The fluoropolymer coating is our most popular format of Heat-On. It offers additional chemical resistance compared to the anodised aluminium finish.
However, care should still be taken to prolong the life of your polymer-coated Heat-On.
The coating may be damaged by the factors listed below. For some applications, the anodised Heat-On may therefore be more suitable.
The fluoropolymer coating has excellent chemical resistance, but it can be damaged through exposure to some chemicals, particularly high concentrations of corrosive chemicals, or over extended periods of time, or if heated.
It is important to clean off any chemical spills as soon as possible. Consider also any chemicals that could be on your glassware – glassware should be kept clean if using with Heat-On.
Rubbing, scratching, scraping, wearing etc. could all damage the coating.
Possible causes of this are use of glassware with a rough surface (scratched or uneven etc.), chemical residue / grit between the glassware and the Heat-On, use of a magnetic stirring bar directly in the Heat-On, or placing other equipment inside the Heat-On (e.g. during storage).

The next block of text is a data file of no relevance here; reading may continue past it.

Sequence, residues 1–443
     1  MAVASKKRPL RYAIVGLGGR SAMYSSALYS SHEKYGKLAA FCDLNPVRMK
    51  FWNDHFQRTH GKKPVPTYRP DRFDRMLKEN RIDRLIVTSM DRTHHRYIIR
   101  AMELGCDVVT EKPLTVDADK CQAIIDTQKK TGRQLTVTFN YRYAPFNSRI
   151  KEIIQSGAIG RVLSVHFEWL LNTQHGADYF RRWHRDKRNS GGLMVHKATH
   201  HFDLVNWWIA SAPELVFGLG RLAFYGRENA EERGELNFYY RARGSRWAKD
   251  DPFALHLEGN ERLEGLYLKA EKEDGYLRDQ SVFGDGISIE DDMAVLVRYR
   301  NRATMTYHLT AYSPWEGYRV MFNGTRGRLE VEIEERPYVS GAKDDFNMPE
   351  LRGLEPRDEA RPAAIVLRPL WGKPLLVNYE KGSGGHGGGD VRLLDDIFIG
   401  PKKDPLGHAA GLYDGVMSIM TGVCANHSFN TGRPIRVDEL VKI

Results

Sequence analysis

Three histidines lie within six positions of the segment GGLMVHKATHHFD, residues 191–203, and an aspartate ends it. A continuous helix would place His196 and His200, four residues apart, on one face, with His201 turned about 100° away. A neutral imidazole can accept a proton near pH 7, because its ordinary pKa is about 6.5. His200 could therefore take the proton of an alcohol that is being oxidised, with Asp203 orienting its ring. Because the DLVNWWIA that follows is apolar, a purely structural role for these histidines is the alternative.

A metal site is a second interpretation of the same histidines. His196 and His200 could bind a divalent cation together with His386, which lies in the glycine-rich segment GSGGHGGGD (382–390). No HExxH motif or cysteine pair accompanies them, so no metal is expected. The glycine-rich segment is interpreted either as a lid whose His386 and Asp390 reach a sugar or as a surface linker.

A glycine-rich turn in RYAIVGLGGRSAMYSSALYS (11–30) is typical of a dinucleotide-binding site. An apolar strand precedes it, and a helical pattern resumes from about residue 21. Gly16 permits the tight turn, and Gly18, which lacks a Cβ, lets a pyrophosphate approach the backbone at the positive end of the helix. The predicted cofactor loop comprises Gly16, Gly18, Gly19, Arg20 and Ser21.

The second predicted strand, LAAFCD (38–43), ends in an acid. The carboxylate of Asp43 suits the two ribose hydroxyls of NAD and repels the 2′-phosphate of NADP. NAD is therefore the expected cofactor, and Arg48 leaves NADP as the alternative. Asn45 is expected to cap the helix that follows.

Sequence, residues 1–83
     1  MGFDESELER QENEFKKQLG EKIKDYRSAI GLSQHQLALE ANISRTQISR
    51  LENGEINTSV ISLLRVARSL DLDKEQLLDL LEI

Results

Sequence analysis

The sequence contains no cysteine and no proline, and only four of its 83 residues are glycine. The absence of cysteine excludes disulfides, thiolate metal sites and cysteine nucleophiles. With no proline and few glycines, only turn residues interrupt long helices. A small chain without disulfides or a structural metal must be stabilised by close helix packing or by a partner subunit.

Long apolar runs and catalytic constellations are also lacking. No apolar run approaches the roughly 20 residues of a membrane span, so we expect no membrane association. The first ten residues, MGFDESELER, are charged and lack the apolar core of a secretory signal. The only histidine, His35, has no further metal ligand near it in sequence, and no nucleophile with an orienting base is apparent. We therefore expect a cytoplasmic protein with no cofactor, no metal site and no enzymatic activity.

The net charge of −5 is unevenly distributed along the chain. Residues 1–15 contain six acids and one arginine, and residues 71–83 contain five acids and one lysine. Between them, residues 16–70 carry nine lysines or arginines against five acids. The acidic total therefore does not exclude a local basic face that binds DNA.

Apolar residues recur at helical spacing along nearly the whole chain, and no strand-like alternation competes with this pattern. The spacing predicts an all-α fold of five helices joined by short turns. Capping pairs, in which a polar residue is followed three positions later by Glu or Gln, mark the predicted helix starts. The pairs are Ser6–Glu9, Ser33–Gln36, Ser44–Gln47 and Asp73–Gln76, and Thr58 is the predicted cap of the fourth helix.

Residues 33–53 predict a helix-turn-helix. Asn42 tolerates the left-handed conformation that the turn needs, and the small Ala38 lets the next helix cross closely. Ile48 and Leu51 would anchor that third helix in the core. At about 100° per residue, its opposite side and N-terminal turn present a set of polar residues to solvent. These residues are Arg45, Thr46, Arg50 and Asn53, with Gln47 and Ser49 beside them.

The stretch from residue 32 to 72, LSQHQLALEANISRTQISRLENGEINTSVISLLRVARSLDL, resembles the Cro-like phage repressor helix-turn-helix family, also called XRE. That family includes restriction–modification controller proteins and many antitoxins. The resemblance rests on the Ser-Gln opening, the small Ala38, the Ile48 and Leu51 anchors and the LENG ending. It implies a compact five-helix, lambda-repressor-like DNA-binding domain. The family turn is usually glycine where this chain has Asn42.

Our general advice is that Heat-On can be used up to 200°C without damage to the block, with temperatures up to 260°C possible but with a risk of minor surface degradation.
For the polymer-coated blocks, above 200°C the coating may be damaged by prolonged high temperatures. Very high temperatures are more likely to lead to more damage. If the coating has already been weakened by chemical exposure and/or physical abrasion, it is likely to be more sensitive to temperature.
(For further details, you can refer to the FAQ entry, ‘What is the maximum temperature of Heat-On?’)